The most important of the secondary sources and the best and most complete record of the names of Palatines was Henry Z Jones Jr.'s The Palatine Families of New York: A Study of the German Immigrants Who Arrived in Colonial New York in 1710 and the companion volume, More Palatine Families: Some Immigrants in the Middle Colonies 1717-1776 and their European Origins Plus New Discoveries on German Families who Arrived in Colonial New York in 1710. Although these are secondary sources, as you know the original research that they represent makes Jones the world standard on Palatine genealogy. His detailed histories of these families were substantiated again and again as the research expanded to include more than twenty additional prime and secondary sources, including the New York Colonial Documents and the Documentary History of New York.
In addition to his formidable research, Mr. Jones participated in a critical review of the names and offered substantial additional assistance in promoting and advancing the Palatine Monument.
The List of Names
The inquiries about the names were often informed, interesting, and always sincere. Many contained confirmations by descendants as well as additional spellings or other details about the 1710ers. Some questioned the name's location on either the East Camp or West Camp list. Some found one or another, but not all their descendants listed. For some of the inquires the names were already on the plaque but in a spelling that appeared obscure to the modern eye; “Edick,” for instance, is “Ittich” on the stone.
In two instances, alternative spellings were adopted on the basis of family inquiries and additional research. The family name “Klumm” was selected following a painstaking inquiry into the Clum family history in the 18th century. “Fiero” is spelled “Fuehrer” in Hunter's List, but the local family provided information that led to additional research which led to the correct spelling for 1710. The Fieros may have been transposed Italians who came to the Palatinate some time earlier, possibly as artisans working on a cathedral at Hiedleberg.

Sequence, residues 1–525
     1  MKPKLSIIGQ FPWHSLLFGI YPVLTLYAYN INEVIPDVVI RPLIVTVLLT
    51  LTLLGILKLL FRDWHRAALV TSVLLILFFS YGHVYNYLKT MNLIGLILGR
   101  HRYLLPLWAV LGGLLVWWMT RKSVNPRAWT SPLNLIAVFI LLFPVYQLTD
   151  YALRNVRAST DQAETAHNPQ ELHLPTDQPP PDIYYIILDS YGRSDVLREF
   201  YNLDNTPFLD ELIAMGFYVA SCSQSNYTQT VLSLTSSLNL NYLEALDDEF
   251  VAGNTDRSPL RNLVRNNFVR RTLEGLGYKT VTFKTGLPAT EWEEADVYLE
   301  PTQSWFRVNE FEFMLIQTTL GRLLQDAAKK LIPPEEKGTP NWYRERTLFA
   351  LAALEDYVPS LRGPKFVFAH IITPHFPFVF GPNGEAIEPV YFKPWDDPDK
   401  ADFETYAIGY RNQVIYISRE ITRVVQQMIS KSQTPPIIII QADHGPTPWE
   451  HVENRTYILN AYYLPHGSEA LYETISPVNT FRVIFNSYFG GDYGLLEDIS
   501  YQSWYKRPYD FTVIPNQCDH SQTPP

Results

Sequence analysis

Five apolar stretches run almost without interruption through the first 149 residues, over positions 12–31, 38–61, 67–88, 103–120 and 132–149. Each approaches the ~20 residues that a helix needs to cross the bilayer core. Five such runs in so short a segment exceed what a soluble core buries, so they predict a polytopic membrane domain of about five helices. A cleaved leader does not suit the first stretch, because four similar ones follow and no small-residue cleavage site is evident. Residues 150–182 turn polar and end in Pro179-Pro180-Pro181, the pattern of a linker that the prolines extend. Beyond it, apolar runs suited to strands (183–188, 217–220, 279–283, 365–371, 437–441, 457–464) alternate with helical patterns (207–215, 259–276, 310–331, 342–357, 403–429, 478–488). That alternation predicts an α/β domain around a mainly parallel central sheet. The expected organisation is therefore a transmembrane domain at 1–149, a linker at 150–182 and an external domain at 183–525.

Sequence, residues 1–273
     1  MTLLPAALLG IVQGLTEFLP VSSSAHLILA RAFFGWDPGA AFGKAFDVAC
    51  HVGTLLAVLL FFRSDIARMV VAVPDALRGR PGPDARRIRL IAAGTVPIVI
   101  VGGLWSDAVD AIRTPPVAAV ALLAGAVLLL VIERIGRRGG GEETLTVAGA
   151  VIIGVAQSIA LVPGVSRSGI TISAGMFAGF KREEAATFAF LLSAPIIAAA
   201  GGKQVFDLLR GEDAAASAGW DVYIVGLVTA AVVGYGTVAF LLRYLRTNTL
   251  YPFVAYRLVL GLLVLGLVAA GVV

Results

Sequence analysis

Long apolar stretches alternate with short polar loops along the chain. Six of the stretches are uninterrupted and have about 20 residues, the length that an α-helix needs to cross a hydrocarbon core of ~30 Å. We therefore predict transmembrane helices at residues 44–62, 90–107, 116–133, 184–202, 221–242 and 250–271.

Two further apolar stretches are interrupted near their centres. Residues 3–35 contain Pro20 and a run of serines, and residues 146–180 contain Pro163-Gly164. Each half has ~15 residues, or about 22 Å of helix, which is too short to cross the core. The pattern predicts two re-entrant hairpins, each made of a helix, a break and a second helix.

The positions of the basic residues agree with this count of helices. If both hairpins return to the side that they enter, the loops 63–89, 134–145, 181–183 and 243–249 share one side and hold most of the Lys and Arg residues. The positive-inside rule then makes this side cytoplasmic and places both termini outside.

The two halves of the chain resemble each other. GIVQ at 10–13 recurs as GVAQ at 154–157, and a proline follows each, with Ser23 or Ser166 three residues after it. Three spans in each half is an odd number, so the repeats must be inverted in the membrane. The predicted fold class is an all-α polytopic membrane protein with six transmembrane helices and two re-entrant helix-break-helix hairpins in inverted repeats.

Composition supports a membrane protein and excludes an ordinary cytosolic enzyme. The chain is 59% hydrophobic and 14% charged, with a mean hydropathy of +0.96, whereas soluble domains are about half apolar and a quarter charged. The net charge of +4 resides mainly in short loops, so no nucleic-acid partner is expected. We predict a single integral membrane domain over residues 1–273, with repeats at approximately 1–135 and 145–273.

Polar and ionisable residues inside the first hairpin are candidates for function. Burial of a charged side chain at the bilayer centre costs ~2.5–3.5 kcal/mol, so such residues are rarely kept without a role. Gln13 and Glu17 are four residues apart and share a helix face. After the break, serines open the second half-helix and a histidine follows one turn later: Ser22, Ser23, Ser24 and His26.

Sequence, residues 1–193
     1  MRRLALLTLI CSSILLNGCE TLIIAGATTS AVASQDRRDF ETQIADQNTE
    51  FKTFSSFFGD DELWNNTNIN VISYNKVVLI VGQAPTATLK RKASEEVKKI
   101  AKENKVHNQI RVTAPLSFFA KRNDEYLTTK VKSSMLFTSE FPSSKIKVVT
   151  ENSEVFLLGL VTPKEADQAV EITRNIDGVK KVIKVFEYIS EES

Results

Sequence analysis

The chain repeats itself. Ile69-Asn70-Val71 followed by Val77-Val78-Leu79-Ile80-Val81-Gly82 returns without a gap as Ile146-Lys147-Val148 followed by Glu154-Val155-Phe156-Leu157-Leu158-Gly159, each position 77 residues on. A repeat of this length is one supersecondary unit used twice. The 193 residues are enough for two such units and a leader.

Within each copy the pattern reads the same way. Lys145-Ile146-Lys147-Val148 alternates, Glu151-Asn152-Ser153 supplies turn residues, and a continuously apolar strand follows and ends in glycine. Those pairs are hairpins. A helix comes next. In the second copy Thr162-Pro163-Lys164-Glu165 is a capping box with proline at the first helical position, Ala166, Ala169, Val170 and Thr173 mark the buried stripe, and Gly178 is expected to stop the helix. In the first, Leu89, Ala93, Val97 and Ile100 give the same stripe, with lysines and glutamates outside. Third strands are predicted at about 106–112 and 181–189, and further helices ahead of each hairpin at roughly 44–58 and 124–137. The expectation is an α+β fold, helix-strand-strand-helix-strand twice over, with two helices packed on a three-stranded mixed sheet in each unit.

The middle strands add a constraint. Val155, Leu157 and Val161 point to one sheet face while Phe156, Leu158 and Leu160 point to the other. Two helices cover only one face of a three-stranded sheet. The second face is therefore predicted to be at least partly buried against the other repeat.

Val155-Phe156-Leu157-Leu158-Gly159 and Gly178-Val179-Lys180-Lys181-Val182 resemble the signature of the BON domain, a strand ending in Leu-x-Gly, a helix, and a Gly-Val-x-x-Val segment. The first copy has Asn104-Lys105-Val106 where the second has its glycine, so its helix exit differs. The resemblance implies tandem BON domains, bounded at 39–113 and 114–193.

The problem with orthography was the most interesting obstacle. The idea of a single fixed spelling for a name is a twentieth-century notion that does not survive the test of an eighteenth-century document. Even among functionally literate families, different spellings were used at different times. The problem was compounded by the fact that Hunter's List was compiled by an Englishman, who transcribed what he thought he heard from a Palatine head of family who, as the Fiero name demonstrated, might not have been German after all!
In each of the instances involving detailed inquiries about specific family names and spellings, Jones's references proved invaluable.
To date, no additional names are recommended (in the form of an additional plaque), but that does not mean that continuing research will fail to yield additional names. A list of nearly three hundred names for 1,800 or more individuals probably is not complete even though one of the population analyses of the time demonstrated average families of six or more.
The Palatine Monument is a treasure and its creation could not have been accomplished without the assistance of the many, many descendants and the generosity of the New York Chapter of Palatines to America.